The voice returns: the bare floorboards are contracting. Through the room, the moon casts light. I enter the space and allow myself another intrusion into its tension. The room alters. I have stretched its fabric; and at once the voice becomes clear. The voice is my voice. I hear it in the darkness. I feel it in my throat. I lie down on the bed and wait.
In my pocket is my passport. Recalling the station, the platform, I leaf through the pages. What is the name written there? The movement of travellers, the public announcements of arrivals and departures, the suitcase still sitting on the platform, return to me. This new life I have come to start, how new is it really? Can I hold this passport up as proof of my existence? What evidence is there that I am all that is printed on the pages of this simple document? Would it be better to say I evade it; I escape it, that I am there in it but never contained by it? Do I not suspect my reality exists only where it cannot be determined? My reality exists only to the extent it is imprecise? If I retreat behind familiar lines, behind old frontiers, what will I have turned from? What will I lose by giving up the risk, by foregoing the pain of each difficult moment?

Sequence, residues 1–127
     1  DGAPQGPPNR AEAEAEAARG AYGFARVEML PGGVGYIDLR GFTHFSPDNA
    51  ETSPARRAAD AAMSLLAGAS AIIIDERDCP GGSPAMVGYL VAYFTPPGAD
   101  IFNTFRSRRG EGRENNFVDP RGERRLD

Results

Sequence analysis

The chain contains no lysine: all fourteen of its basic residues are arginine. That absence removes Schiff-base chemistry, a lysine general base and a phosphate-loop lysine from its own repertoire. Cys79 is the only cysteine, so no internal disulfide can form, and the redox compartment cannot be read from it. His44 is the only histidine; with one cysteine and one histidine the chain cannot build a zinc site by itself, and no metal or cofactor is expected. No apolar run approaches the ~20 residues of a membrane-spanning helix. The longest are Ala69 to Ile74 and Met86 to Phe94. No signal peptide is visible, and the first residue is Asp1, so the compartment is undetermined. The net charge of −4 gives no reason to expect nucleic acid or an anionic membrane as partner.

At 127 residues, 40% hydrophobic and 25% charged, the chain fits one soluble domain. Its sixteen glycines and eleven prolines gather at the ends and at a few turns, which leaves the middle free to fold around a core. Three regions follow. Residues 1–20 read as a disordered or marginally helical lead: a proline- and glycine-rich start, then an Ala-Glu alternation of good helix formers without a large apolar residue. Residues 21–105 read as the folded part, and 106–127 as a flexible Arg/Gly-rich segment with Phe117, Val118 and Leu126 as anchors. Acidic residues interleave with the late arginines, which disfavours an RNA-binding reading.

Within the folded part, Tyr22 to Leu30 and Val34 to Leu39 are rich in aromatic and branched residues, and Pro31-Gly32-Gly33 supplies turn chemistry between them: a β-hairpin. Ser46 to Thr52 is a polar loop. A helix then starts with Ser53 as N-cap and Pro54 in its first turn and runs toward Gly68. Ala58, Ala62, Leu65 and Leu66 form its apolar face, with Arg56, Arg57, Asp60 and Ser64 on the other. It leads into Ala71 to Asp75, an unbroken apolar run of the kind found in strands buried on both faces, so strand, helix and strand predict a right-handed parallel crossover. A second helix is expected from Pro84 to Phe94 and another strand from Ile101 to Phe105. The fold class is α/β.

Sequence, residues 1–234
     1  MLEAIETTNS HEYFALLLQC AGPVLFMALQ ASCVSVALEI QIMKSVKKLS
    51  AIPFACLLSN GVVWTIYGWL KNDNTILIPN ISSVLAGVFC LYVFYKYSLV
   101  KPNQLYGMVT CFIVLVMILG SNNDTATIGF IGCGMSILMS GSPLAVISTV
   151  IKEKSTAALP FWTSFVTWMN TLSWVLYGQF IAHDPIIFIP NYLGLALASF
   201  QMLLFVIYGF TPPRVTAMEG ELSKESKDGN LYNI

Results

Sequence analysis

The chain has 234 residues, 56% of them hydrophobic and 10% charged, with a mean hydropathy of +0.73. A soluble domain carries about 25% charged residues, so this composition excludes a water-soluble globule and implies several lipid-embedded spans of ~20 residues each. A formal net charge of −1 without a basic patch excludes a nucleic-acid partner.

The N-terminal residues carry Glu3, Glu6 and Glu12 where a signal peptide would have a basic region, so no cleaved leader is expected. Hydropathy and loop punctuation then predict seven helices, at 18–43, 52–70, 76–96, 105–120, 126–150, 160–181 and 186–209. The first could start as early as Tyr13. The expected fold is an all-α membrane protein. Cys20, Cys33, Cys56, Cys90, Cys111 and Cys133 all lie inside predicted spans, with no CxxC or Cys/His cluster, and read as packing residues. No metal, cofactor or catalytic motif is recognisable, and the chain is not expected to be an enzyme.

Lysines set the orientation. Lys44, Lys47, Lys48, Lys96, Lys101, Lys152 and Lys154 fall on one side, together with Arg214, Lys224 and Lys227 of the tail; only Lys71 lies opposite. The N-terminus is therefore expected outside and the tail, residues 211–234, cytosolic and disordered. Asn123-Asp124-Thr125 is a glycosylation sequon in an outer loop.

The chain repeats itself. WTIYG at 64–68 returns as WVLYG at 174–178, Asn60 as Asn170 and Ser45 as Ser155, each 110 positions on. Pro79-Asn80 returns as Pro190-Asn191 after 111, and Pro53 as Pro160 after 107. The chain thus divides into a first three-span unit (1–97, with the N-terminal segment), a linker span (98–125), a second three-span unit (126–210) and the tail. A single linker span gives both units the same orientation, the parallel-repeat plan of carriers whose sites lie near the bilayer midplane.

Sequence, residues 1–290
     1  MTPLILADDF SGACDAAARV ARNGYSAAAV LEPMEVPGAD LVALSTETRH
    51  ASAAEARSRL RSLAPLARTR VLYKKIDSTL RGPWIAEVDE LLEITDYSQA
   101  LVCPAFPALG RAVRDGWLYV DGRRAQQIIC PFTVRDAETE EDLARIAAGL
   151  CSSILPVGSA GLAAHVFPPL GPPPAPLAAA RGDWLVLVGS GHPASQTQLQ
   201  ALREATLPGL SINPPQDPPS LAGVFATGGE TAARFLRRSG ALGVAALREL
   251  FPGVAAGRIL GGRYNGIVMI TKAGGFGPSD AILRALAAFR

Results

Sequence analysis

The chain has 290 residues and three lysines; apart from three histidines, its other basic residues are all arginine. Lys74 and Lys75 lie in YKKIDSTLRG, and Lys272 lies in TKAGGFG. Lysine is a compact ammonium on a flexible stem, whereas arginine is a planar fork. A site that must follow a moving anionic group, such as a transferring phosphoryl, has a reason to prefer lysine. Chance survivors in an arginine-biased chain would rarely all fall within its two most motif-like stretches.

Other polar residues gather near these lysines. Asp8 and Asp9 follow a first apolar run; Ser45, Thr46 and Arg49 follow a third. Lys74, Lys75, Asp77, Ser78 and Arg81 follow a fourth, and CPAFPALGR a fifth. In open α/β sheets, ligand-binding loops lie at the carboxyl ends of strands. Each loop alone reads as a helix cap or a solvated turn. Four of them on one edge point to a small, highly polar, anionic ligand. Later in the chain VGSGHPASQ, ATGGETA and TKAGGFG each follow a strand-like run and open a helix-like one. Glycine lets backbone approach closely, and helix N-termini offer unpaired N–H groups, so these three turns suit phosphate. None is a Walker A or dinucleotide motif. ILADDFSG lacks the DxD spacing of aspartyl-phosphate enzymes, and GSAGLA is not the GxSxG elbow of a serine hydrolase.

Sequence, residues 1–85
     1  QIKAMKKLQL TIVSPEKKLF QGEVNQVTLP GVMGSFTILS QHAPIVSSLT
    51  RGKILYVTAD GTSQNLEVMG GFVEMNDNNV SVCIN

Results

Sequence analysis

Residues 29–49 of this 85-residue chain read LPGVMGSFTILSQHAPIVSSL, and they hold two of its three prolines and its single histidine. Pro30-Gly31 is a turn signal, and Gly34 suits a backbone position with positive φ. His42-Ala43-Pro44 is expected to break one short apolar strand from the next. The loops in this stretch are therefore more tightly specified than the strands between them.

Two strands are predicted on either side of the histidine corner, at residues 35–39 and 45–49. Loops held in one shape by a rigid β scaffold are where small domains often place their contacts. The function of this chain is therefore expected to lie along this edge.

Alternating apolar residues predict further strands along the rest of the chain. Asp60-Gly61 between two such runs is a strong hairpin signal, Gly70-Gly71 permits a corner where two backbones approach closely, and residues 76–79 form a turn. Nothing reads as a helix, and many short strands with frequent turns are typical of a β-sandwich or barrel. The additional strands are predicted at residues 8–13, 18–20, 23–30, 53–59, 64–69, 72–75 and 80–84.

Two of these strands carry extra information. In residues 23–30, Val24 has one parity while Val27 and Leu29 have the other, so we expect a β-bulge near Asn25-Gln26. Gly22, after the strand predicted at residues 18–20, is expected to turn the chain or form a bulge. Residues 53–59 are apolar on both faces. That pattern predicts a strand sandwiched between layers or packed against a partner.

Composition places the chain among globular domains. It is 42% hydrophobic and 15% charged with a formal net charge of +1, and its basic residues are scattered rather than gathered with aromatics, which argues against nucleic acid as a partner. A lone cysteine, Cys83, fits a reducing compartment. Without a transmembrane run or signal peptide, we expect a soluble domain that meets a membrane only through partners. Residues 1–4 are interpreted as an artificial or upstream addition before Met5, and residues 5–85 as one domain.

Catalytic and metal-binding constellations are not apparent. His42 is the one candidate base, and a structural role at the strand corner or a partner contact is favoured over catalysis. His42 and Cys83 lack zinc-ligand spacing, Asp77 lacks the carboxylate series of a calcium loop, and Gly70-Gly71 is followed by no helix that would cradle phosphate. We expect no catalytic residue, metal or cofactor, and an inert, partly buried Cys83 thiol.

I walk along the canal. I follow the turn of the green, swelling water. The day is changeable. It is late March. Grey and white clouds drift in the
sky. There is a blur to the edge of the cumulus, a softening, a hint of something mild. I sit on a canal bench. I look down at my feet. My scuffed shoes rest on the ground. They are planted among the remains of rubbish, the papers blowing lightly by. I put my newspaper in my pocket and lean back. A breeze flutters through the leaves of a tree: and the sky changes. Above the gables to my right, the light grows darker. Yet shafts of sunlight remain as if intent on pushing through. It begins to rain lightly. Light and dark are dancing with each other. They are agilely gliding across a polished stage. The rays of sun shine defiantly and the rain falls ever quicker. With every crest comes the ebbing away, with every bright moment, every touching of light, already the shift back to darkness is sensed. Things moves like this shower, like the sun and rain. Standing, I shove my hands in my pocket and begin to run. Finding a porch, I shelter under it. I lean and watch the rain fall. On a church tower a clock shines, a weathervane gleams and trams move past.